10. Real-time Measurement of Biomagnetic Vector Fields in Functional Syncytium Using Amorphous Metal

    PubMed Central

    Nakayama, Shinsuke; Uchiyama, Tusyoshi

    2015-01-01

    Magnetic field detection of biological electric activities would provide a non-invasive and aseptic estimate of the functional state of cellular organization, namely a syncytium constructed with cell-to-cell electric coupling. In this study, we investigated the properties of biomagnetic waves which occur spontaneously in gut musculature as a typical functional syncytium, by applying an amorphous metal-based gradio-magneto sensor operated at ambient temperature without a magnetic shield. The performance of differentiation was improved by using a single amorphous wire with a pair of transducer coils. Biomagnetic waves of up to several nT were recorded ~1 mm below the sample in a real-time manner. Tetraethyl ammonium (TEA) facilitated magnetic waves reflected electric activity in smooth muscle. The direction of magnetic waves altered depending on the relative angle of the muscle layer and magneto sensor, indicating the existence of propagating intercellular currents. The magnitude of magnetic waves rapidly decreased to ~30% by the initial and subsequent 1 mm separations between sample and sensor. The large distance effect was attributed to the feature of bioelectric circuits constructed by two reverse currents separated by a small distance. This study provides a method for detecting characteristic features of biomagnetic fields arising from a syncytial current. PMID:25744476

  11. Real-time measurement of biomagnetic vector fields in functional syncytium using amorphous metal.

    PubMed

    Nakayama, Shinsuke; Uchiyama, Tusyoshi

    2015-01-01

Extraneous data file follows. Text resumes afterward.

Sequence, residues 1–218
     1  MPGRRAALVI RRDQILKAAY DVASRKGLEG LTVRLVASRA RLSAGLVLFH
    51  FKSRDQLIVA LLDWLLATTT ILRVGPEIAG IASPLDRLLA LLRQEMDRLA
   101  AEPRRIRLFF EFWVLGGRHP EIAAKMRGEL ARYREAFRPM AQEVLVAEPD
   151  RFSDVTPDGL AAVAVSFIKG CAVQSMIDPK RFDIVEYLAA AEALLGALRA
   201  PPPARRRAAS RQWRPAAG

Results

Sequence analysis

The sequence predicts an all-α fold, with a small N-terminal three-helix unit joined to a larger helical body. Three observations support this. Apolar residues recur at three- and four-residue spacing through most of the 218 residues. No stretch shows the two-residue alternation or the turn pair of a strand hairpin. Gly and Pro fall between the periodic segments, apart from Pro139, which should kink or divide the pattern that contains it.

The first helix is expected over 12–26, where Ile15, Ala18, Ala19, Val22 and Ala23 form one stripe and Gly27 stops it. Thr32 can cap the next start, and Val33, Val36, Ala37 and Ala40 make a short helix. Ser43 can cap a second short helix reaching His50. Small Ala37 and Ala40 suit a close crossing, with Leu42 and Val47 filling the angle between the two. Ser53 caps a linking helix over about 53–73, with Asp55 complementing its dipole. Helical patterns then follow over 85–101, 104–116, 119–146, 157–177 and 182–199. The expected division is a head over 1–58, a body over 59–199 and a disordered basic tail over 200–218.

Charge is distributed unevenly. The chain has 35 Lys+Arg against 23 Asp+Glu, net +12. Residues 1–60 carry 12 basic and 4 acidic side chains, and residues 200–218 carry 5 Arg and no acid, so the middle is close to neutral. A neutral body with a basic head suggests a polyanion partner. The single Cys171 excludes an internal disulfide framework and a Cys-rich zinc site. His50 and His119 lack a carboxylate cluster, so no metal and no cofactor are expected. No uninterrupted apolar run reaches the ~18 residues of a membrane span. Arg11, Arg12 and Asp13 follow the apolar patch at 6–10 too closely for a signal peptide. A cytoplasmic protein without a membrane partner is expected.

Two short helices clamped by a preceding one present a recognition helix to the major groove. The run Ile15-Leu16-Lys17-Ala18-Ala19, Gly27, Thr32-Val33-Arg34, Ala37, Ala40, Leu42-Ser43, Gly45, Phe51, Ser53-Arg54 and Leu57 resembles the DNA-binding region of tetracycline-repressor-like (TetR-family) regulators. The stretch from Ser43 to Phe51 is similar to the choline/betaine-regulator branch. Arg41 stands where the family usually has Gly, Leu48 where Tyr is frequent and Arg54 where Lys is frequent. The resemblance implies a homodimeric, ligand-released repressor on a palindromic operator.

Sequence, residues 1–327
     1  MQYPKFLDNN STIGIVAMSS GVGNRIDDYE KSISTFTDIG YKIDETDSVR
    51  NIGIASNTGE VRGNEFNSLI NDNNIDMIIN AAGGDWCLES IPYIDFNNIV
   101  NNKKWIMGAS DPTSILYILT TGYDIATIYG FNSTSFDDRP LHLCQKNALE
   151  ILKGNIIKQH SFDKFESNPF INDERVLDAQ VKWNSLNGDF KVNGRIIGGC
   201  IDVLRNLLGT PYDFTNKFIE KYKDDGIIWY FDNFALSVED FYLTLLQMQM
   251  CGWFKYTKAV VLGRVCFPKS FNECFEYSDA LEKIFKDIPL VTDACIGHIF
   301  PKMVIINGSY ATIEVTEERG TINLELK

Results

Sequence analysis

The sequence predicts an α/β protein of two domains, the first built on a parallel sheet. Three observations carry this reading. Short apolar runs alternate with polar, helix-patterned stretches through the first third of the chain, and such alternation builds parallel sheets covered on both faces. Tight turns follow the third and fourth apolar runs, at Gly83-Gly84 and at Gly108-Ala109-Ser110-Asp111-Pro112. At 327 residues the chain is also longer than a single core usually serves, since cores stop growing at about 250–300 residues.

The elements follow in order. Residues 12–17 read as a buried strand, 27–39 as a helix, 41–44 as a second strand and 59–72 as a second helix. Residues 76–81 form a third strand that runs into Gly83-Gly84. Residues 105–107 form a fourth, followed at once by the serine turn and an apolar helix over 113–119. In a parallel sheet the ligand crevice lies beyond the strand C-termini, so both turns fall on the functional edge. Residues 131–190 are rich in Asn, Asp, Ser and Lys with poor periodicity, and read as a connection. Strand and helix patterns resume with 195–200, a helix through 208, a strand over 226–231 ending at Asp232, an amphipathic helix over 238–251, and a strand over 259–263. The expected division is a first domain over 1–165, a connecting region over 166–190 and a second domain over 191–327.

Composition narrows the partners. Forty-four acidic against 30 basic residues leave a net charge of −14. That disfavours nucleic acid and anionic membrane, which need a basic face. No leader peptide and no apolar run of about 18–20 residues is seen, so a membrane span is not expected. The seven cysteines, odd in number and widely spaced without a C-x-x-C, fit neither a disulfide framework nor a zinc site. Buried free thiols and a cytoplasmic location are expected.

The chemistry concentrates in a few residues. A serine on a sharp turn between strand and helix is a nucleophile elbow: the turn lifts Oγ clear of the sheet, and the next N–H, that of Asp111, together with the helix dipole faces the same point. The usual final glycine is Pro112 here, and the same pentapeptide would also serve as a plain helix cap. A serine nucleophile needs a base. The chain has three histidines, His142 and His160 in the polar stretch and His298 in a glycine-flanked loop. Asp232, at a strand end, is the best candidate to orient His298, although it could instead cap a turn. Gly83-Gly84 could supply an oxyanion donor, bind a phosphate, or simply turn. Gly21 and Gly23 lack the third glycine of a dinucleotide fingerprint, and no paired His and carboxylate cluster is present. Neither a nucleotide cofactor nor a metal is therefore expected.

Magnetic field detection of biological electric activities would provide a non-invasive and aseptic estimate of the functional state of cellular organization, namely a syncytium constructed with cell-to-cell electric coupling. In this study, we investigated the properties of biomagnetic waves which occur spontaneously in gut musculature as a typical functional syncytium, by applying an amorphous metal-based gradio-magneto sensor operated at ambient temperature without a magnetic shield. The performance of differentiation was improved by using a single amorphous wire with a pair of transducer coils. Biomagnetic waves of up to several nT were recorded ~1 mm below the sample in a real-time manner. Tetraethyl ammonium (TEA) facilitated magnetic waves reflected electric activity in smooth muscle. The direction of magnetic waves altered depending on the relative angle of the muscle layer and magneto sensor, indicating the existence of propagating intercellular currents. The magnitude of magnetic waves rapidly decreased to ~30% by the initial and subsequent 1 mm separations between sample and sensor. The large distance effect was attributed to the feature of bioelectric circuits constructed by two reverse currents separated by a small distance. This study provides a method for detecting characteristic features of biomagnetic fields arising from a syncytial current. PMID:25744476